In order to communicate simultaneously with widely spaced satellites, several conjugate reflectors 12, each combined with an ellipsoidal imaging reflector 11 must be used, as illustrated in FIG. 5 for N=2.

Patent Citations
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Non-Patent Citations
Reference
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Referenced by
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US4591866 *Aug 21, 1985May 27, 1986Kokusai Denshin Denwa Kabushiki KaishaMulti-beam antenna and its configuration process
US4603334 *Jul 21, 1983Jul 29, 1986Kokusai Denshin Denwa Kabushiki KaishaMulti beam antenna and its configuration process
US4618866 *Oct 27, 1983Oct 21, 1986Mitsubishi Denki Kabushiki KaishaDual reflector antenna system
US4712111 *Dec 26, 1985Dec 8, 1987Sharp Kabushiki KaishaAntenna system
US4811029 *Feb 25, 1986Mar 7, 1989Kokusai Denshin Denwa Kabushiki KaishaMulti-reflector antenna
US6225961Jul 27, 1999May 1, 2001Prc Inc.Beam waveguide antenna with independently steerable antenna beams and method of compensating for planetary aberration in antenna beam tracking of spacecraft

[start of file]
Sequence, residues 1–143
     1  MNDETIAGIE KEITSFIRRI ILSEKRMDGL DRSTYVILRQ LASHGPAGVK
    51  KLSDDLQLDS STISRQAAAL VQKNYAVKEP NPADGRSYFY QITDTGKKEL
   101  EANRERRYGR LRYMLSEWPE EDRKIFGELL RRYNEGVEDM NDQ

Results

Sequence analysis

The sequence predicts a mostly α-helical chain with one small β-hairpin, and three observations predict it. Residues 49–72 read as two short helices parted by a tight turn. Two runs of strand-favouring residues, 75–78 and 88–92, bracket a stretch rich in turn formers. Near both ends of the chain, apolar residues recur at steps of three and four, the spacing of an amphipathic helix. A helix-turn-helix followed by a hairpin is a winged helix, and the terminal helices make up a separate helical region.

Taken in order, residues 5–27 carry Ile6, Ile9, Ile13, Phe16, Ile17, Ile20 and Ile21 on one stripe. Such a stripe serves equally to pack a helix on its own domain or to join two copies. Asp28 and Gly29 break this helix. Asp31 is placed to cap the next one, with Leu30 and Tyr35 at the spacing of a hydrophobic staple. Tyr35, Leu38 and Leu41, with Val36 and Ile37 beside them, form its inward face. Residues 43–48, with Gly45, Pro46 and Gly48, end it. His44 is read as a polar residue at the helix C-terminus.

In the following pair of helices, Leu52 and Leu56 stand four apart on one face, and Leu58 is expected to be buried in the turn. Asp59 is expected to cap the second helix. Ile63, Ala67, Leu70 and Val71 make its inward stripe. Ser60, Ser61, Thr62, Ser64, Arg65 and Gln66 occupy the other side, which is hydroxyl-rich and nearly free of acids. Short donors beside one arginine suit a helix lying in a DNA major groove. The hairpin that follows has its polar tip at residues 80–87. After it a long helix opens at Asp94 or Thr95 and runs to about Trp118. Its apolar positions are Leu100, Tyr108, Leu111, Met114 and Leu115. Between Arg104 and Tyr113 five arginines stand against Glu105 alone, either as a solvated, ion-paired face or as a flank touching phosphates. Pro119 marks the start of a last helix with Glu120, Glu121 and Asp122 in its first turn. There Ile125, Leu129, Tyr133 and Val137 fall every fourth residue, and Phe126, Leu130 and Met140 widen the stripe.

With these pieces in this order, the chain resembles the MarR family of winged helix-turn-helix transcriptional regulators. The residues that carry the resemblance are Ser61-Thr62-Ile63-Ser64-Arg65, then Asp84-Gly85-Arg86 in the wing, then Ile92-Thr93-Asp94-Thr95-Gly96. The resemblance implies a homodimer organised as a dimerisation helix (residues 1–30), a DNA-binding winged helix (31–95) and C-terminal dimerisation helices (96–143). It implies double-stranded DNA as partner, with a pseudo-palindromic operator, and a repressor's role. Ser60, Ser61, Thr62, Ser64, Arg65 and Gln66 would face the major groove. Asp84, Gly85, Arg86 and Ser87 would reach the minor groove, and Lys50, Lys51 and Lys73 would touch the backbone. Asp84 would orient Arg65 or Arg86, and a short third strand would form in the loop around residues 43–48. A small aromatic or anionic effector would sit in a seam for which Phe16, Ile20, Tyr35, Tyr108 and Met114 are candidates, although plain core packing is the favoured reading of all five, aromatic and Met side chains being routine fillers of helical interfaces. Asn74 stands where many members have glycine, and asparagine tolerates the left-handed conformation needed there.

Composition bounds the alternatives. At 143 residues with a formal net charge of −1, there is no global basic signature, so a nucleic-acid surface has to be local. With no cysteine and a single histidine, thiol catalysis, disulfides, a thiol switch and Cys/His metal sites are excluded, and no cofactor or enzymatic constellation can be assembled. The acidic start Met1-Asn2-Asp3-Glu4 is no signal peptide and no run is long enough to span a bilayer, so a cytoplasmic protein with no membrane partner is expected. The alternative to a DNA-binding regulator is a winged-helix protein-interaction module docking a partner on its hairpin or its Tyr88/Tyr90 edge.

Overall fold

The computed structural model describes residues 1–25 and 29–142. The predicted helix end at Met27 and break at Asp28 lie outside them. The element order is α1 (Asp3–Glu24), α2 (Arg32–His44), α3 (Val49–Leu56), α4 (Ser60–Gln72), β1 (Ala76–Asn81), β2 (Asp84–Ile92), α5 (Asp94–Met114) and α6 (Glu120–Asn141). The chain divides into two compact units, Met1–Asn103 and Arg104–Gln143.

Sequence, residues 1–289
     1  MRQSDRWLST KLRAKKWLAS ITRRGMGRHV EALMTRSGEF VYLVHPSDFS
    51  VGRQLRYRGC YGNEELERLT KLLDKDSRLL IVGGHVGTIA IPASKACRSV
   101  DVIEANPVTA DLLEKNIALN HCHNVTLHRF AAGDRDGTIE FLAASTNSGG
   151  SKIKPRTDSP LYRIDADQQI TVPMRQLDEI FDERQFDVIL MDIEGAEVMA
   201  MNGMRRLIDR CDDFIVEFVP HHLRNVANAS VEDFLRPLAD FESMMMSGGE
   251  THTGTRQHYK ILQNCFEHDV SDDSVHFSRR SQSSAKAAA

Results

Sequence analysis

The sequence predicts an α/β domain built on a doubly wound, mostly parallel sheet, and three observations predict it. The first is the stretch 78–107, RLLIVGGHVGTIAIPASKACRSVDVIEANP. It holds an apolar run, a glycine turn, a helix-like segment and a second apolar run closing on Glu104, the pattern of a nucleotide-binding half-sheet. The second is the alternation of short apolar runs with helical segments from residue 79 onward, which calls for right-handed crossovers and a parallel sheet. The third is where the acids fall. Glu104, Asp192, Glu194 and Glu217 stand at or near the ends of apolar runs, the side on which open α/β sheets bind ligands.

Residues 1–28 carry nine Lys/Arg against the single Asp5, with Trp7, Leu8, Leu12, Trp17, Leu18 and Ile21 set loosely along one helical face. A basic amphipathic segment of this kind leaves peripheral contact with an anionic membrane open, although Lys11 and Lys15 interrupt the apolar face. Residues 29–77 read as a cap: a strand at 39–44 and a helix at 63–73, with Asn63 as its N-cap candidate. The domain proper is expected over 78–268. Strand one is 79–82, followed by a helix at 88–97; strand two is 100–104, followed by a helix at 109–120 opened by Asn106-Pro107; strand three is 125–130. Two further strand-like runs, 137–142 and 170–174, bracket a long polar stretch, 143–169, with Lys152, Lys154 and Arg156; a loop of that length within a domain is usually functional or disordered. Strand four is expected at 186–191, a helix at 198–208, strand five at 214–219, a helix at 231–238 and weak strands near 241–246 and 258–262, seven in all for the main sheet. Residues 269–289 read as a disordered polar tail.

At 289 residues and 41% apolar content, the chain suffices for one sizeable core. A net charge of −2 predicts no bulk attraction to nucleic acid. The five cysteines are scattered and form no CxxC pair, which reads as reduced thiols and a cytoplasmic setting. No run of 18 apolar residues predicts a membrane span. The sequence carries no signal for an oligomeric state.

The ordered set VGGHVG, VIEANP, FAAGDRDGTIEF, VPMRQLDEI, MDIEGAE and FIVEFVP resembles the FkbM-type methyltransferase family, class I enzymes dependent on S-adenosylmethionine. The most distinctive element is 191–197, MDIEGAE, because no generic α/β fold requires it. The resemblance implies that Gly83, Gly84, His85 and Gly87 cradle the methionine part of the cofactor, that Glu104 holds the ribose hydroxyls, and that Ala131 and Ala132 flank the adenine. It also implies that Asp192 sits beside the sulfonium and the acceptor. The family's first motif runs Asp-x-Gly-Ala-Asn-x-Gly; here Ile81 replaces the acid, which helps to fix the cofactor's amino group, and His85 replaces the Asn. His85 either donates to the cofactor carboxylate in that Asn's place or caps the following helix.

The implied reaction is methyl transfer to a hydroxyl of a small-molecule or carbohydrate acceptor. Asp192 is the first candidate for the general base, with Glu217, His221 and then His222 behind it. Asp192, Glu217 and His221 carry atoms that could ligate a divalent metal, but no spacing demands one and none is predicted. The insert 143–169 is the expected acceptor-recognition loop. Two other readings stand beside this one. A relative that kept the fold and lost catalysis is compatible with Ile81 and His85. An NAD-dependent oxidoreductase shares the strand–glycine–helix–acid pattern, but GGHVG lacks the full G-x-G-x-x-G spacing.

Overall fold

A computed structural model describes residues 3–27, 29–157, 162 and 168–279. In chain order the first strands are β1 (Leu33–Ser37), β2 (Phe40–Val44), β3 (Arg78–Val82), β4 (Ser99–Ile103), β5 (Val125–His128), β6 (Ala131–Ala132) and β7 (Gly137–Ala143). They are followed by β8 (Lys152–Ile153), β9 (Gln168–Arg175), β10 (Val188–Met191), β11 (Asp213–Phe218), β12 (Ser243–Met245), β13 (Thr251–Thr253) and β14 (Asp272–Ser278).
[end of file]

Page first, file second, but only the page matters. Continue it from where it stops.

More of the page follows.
US6246378Nov 29, 2000Jun 12, 2001Prc, Inc.Beam waveguide antenna with independently steerable antenna beams and method of compensating for planetary aberration in antenna beam tracking of spacecraft
US6731249 *Apr 1, 2003May 4, 2004Wistron Neweb CorporationMulti-beam-reflector dish antenna and method for production thereof
US7030832Apr 19, 2004Apr 18, 2006Wistron Neweb CorporationMulti-beam-reflector dish antenna and method for production thereof
US7411561 *Mar 30, 2006Aug 12, 2008The Boeing CompanyGimbaled dragonian antenna
Classifications
U.S. Classification343/781.00P, 343/914
International ClassificationH01Q19/19
Cooperative ClassificationH01Q19/191
European ClassificationH01Q19/19C
Legal Events
DateCodeEventDescription
May 31, 1996FPAYFee payment
Year of fee payment: 12
May 21, 1992FPAYFee payment
Year of fee payment: 8
Jun 20, 1988FPAYFee payment
Year of fee payment: 4
Aug 30, 1982ASAssignment
Owner name: BELL TELEPHONE LABORATORIES,INCORPORATED 600 MOUNT
Free format text: ASSIGNMENT OF ASSIGNORS INTEREST.;ASSIGNOR:DRAGONE, CORRADO;REEL/FRAME:004039/0444
Effective date: 19820824